Energize 

It seems clear that Genghis was consistently reflecting the real desires of his followers. He unleashed their need to escape from a poverty cycle, rather than simply focus them on visions of world conquest. Then, he made the "enemy without" the tool to prevent internal conflict.

It is perhaps most difficult to assess exactly how Genghis Khan energized his people, as almost no speeches are accurately recorded, and he himself could not write. However, "The Secret History" and several Persian chroniclers provide a few Candleclues.

Whilst Genghis sought power for himself, he also was careful at every stage to offer his followers major gain from their conquests. He shared his animals, his clothes, his food and his plunder with his people, almost irrespective of their social position.

He constantly demonstrated his loyalty to his trusted people, and his generosity surely encouraged all to follow. Rules were clear, rewards were many, and merit was a guiding principle of his administration.

When he went into battle, he very clearly intended to win. His people knew they followed a winner. Even in matters of vengeance, or of being insulted (as was the case with Sultan Muhammad), he very obviously put things in terms his followers could deal with and act upon.

Finally, he was totally true to his own value system, in a way that was obvious to both his friends and his enemies. This in itself must have provided significant energy to his followers.

Aftermath

Genghis Khan forged the unification of the Mongol tribes, and reversed their decline in living conditions.

Trade flourished, and contact with distant lands, including Europe, was encouraged. He set in motion the events that created the World's biggest land based empire, including the creation of the Yuan Dynasty in China. Importantly, his firm stand on his society's ethical rules and his intolerance of misdeeds led to a marked change in the social climate. Inter family rivalry all but disappeared, and peace and order were very evident to outside visitors, including European travelers.

As Microsoft Encarta says:

"The greatness of the khan as a military leader was borne out not only by his conquests but by the excellent organization, discipline, and maneuverability of his armies. Moreover, the Mongol ruler was an admirable statesman; his empire was so well organized that, so it was claimed, travelers could go from one end of his domain to the other without fear or danger".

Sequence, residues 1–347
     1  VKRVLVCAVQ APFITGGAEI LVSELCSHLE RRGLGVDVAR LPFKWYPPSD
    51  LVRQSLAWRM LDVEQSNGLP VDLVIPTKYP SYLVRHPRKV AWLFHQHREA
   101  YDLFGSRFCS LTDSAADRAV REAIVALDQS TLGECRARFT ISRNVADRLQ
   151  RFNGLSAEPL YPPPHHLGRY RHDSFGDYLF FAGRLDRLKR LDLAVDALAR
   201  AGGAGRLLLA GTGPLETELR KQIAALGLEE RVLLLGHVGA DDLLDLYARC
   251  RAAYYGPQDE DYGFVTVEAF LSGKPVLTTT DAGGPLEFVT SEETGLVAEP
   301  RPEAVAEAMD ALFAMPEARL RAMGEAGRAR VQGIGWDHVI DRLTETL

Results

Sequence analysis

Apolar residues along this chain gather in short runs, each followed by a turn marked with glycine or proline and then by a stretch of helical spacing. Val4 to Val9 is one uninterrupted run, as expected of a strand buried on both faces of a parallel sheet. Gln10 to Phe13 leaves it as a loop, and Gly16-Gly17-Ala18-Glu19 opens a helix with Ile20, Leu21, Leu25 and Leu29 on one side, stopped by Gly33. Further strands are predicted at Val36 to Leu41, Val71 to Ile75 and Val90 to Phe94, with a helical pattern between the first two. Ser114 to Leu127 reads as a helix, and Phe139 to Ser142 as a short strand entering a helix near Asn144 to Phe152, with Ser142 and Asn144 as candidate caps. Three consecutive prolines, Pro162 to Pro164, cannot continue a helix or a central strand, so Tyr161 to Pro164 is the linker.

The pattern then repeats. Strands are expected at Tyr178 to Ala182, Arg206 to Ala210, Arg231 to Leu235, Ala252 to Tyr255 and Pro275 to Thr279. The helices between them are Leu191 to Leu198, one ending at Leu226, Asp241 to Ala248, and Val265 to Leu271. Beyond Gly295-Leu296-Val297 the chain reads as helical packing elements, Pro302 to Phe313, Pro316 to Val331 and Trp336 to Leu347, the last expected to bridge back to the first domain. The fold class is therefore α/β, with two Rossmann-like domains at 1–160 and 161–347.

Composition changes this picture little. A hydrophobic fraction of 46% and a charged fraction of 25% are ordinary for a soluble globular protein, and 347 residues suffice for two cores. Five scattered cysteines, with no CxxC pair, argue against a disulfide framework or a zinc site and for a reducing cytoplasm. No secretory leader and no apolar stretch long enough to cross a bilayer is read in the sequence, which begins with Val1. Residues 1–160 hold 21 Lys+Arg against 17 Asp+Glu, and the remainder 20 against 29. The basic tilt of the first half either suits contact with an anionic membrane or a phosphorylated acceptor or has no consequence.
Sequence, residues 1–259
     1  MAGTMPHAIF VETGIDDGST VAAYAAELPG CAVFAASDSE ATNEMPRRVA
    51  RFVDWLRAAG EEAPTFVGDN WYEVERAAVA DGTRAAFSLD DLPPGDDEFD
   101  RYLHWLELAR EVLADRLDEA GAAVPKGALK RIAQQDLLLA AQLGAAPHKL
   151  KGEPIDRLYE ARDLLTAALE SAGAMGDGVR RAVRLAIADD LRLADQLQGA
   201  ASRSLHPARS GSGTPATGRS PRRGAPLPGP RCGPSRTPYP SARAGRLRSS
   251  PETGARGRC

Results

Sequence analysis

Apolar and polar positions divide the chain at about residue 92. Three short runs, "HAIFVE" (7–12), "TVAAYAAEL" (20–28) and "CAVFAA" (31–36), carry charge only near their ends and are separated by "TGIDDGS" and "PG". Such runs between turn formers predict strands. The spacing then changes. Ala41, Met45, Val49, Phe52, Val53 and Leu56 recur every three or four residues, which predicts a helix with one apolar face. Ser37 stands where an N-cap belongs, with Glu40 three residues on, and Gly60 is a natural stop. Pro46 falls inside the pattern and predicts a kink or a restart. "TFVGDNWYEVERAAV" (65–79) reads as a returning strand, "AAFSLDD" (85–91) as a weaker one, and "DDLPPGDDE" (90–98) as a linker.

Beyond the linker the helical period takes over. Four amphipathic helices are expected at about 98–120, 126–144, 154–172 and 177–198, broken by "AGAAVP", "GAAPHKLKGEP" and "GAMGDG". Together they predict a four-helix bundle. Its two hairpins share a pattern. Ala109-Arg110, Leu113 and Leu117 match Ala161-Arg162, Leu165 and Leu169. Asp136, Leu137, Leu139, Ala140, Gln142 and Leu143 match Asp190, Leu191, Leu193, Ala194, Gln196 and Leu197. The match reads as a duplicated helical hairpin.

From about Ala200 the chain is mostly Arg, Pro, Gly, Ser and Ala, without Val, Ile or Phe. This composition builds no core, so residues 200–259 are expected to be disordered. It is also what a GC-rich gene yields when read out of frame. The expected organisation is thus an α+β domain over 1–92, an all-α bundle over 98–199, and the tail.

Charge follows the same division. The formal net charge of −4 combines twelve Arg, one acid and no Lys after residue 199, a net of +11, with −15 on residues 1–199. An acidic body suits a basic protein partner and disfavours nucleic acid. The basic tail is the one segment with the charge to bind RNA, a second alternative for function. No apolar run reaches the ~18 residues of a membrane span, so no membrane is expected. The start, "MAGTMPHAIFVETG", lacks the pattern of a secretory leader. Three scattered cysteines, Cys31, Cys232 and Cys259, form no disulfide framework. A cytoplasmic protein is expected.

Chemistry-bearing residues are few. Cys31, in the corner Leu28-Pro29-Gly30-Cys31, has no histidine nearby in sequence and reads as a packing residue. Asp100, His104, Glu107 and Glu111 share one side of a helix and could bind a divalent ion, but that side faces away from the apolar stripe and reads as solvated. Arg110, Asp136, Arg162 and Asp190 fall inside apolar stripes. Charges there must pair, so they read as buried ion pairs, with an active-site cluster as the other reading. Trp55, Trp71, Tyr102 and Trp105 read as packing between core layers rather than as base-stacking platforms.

Or, as in the introduction to the Genghis exhibition at the Royal British Columbian Museum said:

"Genghis Khan pledged to share with his followers both the sweet and the bitter of life. In structuring his army, he integrated soldiers from different tribes, thus inspiring loyalty to the Mongol army as a whole rather than to a specific lineage. He gave his enemies one simple choice: surrender and be enslaved, or die. By consistently enforcing discipline, rewarding skill and allegiance, and punishing those who opposed him, Genghis Khan established a vast empire".

For the people he conquered, the impact was very mixed. The Chinese fields got turned into nomadic pasture, adversely affecting the Chin peasants and causing hardship. On the other hand, for the cultures that he and later Khubilai Khan ruled, like the Chin, the encouragement of the exchange of knowledge and ideas helped them develop. For example, the Chinese became acquainted with Iranian medical knowledge and astronomy, and in return the peoples of the Middle East learnt much from China.

Unfortunately, unlike earlier days, increased prosperity meant that the lifestyle of the Mongol nobles tended to edge too far past that of the commoners. And, the sheer size of the empire and the extent of the losses in Mongolian manpower meant Genghis' empire was stretched thin.

Finally, recall that warfare and booty was the order of the day for the nomadic existence. So, in gaining a stable empire, the Mongols had to get used to the money economy. And, just as the administration came under control, so the administrators themselves became less militarily capable, and more intent on self-gain.

It was perhaps inevitable that, on his death, the empire was destined to split between his three remaining sons. Eventually, though, four Mongol Leaders became great Khans in their own right. It is a tribute the the memory of Genghis Khan that they did not war between themselves - rather they linked co-operatively together in separate Khanates to "rule the world".
Perhaps the most important Khan was Khubilai, who founded the Chinese Yuan dynasty. This dynasty flourished from from 1279 to 1368, and had a lasting effect on all aspects of Chinese life.

It is thus very clear that Genghis was a Leader with a "capital L".

Genghis Khan - Page 1